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Education: Issues and Trends from the 21st International Congress on the
Education of the Deaf|
A second contributing factor was Alexander G. Bell’s Memoir on the Formation of a Deaf Variety of the Human Race (1883). Bell argued that the system of residential schools brought together Deaf people who intermarried and consequently increased the numbers of Deaf children. He was concerned about the existence of periodicals and organizations of the Deaf and advocated the closing of residential schools; he also discouraged the use of sign language.
Within a short period of time, some schools converted to oral-only instruction. Most, however, instituted a system whereby all children would be instructed orally in the elementary grades or up to approximately 12 years of age, after which some would be taught through a manual or combined oral-manual system. There were several variations. For example, some schools would divide children into oral-only classes or into manual or oral-manual classes. Outside of class, the children used sign language to interact socially.
The result was a reduction in the number of Deaf teachers and a limiting of the roles they played. Typically, Deaf teachers were not allowed to teach in elementary grades and, in many cases, in academic classes. They were limited, for the most part, to teaching vocational classes and children with disabilities. Often they did not have an opportunity to function as role models for younger children. By 1917 Deaf teachers accounted for only 14.5% of the teaching staff (Jones, 1918).
For long spans of time, North American Deaf and hard of hearing teachers and professionals suffered from discrimination. Although they were limited in the types of classes they could teach and were denied access to administrative positions, they still played significant and unique roles not available to other Deaf people around the world. It was through them that a common dialect of American Sign Language (ASL) was disseminated.
Even under these circumstances and although hearing administrators, many of whom were opposed to sign language, dominated the schools and controlled middle-class employment, deaf children at center schools were enculturated into the Deaf community and learned American Sign Language (Padden, 1980; Padden & Humphries, 1988). This was due in great part to the influence of graduates of Gallaudet College (now Gallaudet University). Many students would come to Gallaudet from residential schools, marry deaf students from other residential schools, and then go to yet other residential schools across the United States and Canada as teachers and dormitory supervisors. As previously noted, they spread a common dialect of ASL from Gallaudet, acted as role models, played leadership roles in Deaf communities, and established effective communication networks across the continent. Despite the absence of a Deaf superintendent of a school for the deaf from 1900 to the 1970s (Moores, 2010), the Deaf community functioned effectively within a very complex environment.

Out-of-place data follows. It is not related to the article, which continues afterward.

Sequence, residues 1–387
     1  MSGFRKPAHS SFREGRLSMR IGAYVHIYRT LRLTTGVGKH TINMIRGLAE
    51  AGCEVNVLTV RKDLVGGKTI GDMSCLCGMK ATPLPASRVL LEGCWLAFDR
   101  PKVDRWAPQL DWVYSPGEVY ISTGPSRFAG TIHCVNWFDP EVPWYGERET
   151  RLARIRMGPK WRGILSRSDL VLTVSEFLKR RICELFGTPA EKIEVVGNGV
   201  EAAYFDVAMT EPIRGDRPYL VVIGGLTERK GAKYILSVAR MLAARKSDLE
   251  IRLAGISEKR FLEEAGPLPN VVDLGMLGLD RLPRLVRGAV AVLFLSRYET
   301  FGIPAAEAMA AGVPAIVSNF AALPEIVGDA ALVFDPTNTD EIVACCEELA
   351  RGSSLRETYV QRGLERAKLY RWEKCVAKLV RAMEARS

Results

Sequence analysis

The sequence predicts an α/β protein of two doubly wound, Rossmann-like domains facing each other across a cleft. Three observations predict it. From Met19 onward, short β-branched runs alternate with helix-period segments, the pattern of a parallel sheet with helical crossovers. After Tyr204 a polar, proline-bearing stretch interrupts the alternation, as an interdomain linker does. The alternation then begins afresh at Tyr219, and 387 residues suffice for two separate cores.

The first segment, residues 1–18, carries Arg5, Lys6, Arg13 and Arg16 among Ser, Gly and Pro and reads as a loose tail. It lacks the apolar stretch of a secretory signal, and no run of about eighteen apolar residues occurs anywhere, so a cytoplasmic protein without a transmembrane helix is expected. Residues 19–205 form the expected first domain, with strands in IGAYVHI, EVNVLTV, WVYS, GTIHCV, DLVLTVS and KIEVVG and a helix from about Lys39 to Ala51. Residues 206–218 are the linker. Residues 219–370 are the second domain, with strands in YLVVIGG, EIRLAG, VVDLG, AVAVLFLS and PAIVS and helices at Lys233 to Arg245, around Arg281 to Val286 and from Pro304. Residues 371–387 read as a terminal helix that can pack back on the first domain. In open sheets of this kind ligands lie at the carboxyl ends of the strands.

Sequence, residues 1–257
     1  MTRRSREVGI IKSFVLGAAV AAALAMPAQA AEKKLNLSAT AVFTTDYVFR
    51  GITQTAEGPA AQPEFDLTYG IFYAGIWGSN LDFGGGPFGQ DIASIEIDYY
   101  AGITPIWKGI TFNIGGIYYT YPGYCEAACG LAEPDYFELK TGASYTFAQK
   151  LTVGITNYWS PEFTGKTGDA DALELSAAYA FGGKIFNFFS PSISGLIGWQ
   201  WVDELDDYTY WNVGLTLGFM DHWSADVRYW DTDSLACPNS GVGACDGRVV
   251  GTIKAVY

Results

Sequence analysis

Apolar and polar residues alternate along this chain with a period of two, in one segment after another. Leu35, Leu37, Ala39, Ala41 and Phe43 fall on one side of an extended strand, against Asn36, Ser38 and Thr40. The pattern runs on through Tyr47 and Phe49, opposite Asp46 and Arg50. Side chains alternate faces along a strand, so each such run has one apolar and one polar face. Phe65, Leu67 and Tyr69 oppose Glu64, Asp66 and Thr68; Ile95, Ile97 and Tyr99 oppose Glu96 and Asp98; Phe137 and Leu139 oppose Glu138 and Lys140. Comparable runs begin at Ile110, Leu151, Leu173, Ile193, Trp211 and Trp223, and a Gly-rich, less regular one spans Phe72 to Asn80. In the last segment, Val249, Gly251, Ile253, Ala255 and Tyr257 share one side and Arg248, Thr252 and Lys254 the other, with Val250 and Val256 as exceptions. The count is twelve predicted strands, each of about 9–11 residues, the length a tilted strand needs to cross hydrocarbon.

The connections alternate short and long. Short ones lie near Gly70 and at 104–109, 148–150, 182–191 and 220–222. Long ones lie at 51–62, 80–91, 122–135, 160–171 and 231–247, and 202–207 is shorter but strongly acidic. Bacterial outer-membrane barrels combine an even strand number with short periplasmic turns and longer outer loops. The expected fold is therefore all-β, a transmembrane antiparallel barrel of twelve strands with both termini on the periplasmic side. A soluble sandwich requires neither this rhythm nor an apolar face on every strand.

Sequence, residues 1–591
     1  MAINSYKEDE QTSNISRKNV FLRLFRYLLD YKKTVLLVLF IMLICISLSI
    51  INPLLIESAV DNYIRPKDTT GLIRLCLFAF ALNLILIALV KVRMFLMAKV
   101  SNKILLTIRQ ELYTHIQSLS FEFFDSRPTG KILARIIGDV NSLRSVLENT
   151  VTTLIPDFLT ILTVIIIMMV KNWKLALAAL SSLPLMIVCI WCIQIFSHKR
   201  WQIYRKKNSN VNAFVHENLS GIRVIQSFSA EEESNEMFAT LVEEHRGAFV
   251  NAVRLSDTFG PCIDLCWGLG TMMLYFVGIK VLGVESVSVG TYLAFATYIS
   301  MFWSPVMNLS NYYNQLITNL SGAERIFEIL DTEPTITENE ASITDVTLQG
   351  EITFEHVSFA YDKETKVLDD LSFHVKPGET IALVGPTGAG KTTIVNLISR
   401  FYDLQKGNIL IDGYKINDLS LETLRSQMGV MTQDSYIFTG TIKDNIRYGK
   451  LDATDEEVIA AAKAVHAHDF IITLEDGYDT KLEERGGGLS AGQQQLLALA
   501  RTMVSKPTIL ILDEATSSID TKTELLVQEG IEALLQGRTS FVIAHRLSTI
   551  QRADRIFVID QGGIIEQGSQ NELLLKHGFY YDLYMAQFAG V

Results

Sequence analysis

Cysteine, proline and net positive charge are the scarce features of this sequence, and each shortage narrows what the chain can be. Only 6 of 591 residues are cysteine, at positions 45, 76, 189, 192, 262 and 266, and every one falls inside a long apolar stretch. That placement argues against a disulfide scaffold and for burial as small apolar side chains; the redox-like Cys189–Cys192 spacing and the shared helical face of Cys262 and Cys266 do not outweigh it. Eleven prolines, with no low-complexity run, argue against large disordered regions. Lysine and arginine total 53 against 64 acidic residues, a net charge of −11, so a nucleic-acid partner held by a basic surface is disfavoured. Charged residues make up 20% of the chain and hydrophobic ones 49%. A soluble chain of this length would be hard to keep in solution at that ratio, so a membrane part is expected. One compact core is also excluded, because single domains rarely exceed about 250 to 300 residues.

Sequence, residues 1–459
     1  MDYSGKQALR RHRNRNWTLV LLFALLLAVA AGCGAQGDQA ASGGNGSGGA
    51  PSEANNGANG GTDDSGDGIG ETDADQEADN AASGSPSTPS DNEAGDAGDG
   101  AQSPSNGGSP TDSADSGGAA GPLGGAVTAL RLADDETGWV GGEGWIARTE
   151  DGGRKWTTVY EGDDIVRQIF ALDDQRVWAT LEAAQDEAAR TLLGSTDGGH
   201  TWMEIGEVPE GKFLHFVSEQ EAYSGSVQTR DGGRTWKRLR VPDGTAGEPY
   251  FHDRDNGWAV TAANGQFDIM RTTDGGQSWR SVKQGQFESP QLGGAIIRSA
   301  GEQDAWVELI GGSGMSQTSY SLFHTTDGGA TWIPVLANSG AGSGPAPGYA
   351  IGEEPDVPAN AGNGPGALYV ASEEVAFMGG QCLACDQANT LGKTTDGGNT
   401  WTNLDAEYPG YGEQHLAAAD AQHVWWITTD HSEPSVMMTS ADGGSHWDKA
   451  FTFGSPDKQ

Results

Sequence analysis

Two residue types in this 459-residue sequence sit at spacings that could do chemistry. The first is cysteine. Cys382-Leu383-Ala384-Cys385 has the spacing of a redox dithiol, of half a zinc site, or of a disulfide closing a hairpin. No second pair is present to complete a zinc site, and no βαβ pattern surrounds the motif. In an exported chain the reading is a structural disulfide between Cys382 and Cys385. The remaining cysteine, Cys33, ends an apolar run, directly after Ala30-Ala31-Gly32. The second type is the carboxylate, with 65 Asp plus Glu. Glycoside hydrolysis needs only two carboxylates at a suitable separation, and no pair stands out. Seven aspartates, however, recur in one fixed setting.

The population explosion that began in 1945 at the end of World War II and the demographic shift from a more rural to an urban/suburban character had a profound impact on center schools and their residential programming. Despite the increase in the school-age population and the subsequent increase in the numbers of deaf children, very few new schools for the deaf were established. The number of attendees remained consistent, but the percentage of deaf children educated in center schools declined. Over time people have come to live primarily in heavily populated areas. In addition transportation has improved, especially as a result of the interstate highway system, which has made everything more accessible. In the past, deaf students, especially in the larger states, would arrive at school late in the summer and stay in residence, with perhaps a visit home over a winter break. They would then stay in school until the beginning of summer. In essence, the schools functioned in loco parentis. This is not the case at present since students within a certain radius commute to school, and even those who live in distant communities go home regularly on weekends. In fact, in some geographically large states children fly home and back to school on a regular basis.
In 1975, the greatest special education law ever in the United States, PL 94-142 (Education of All Handicapped Children Act), was enacted. However, this law, now known as the Individuals with Disabilities Education Act (IDEA), has disenfranchised deaf and hard of hearing children everywhere. Special education administrators without training and expertise in deaf education have misapplied the least restrictive environment (LRE) provision to thousands of deaf and hard of hearing children, who, as a result, were placed into neighborhood schools with minimal educational support. Instead of learning directly from their teachers and peers, deaf and hard of hearing children had to watch interpreters who were often uncertified or unskilled—every day. Socially, these students were virtually isolated in their schools, where they had very little if any meaningful interaction with their hearing peers. Many have also suffered from the “Velcro syndrome,” as they must stay very close to their own interpreter for the entire school day. The interpreter is the child’s interpreter, teacher, teacher’s aide, counselor, and friend all rolled into one person.
After 35 years of this “mainstreaming” law, little is known about the achievement scores of deaf students in neighborhood schools. Also, anecdotal evidence increasingly indicates that many deaf and hard of hearing students who attend these schools throughout the elementary years later migrate to center schools during their middle school or high school years. More often than not, they show significant delays in academic and social development.